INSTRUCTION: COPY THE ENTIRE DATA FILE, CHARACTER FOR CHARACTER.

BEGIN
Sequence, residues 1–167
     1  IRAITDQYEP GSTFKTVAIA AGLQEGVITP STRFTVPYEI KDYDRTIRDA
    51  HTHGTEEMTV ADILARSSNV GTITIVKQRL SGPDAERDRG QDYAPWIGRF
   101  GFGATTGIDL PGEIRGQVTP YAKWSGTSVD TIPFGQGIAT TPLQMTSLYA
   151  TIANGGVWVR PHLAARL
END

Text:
Sequence, residues 1–167
     1  IRAITDQYEP GSTFKTVAIA AGLQEGVITP STRFTVPYEI KDYDRTIRDA
    51  HTHGTEEMTV ADILARSSNV GTITIVKQRL SGPDAERDRG QDYAPWIGRF
   101  GFGATTGIDL PGEIRGQVTP YAKWSGTSVD TIPFGQGIAT TPLQMTSLYA
   151  TIANGGVWVR PHLAARL